Between 1917 and 1922, Leavenworth Federal Penitentiary was occupied by a unique mix of soldiers, war dissenters, radical labor organizers, foreign-born radicals, Black militants, and Mexican revolutionaries. Prisoners included figures like Ricardo Flores Magón, one of the central theorists and agitators of the Mexican Revolution. The article observes how incarcerated revolutionaries and working-class soldiers coordinated night schools, produced their own newspaper, led May Day marches, initiated strikes, and continued agitating and educating one another in the prison. Drawing from prison records, inmate book collections, correspondence, and federal surveillance records, archives collected from across the United States, Mexico City, and Amsterdam, the article explores the unanticipated alliances and political struggles that arose from this unique convergence space. It subsequently describes how a unique form of radical internationalism was theorized within and against an emergent security infrastructure.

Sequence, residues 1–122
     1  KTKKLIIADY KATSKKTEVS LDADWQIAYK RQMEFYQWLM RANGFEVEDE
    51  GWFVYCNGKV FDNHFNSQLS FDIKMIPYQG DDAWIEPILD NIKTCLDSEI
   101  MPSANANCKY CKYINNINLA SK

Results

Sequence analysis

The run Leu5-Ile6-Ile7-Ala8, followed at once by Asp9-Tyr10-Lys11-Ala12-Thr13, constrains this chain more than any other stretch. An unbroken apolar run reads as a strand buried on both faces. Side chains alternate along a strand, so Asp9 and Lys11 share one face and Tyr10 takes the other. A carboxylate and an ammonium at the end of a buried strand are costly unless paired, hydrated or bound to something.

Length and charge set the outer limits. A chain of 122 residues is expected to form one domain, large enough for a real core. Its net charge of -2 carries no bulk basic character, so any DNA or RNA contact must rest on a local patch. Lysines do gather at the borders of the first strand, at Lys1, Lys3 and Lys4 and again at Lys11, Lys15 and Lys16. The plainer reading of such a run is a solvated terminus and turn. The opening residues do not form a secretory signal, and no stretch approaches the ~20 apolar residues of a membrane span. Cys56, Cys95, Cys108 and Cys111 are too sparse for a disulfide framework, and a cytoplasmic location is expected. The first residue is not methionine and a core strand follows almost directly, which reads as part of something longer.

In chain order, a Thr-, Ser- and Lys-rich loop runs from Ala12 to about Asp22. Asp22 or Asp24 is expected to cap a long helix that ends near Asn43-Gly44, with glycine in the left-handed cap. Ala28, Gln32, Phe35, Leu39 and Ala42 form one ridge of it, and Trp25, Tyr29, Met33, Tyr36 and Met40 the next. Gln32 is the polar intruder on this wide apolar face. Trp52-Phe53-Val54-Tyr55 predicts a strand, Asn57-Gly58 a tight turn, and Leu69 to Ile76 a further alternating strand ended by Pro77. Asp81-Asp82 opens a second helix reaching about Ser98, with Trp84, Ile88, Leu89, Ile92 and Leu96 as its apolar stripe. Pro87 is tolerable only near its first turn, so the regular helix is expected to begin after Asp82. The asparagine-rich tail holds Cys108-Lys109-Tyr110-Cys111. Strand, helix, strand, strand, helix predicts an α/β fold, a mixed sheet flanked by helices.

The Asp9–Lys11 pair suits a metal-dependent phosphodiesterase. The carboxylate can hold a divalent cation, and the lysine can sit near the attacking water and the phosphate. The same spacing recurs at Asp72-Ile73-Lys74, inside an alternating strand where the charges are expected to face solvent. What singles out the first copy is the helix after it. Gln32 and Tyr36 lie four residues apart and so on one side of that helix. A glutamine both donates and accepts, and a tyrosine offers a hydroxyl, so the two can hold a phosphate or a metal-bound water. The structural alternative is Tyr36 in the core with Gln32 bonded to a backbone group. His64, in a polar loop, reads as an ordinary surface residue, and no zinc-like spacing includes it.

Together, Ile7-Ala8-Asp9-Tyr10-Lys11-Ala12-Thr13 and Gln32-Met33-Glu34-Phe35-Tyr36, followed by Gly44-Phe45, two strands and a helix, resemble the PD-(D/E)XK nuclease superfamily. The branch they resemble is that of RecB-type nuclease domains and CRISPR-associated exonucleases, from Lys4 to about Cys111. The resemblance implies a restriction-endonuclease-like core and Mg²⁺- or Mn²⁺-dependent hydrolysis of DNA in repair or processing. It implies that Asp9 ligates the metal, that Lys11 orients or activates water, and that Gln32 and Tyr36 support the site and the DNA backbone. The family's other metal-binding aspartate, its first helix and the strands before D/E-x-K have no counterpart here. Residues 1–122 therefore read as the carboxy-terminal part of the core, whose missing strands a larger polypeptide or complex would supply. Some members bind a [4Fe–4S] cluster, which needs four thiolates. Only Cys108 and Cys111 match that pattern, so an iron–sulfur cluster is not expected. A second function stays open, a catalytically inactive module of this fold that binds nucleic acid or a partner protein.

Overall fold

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pp. 557-581
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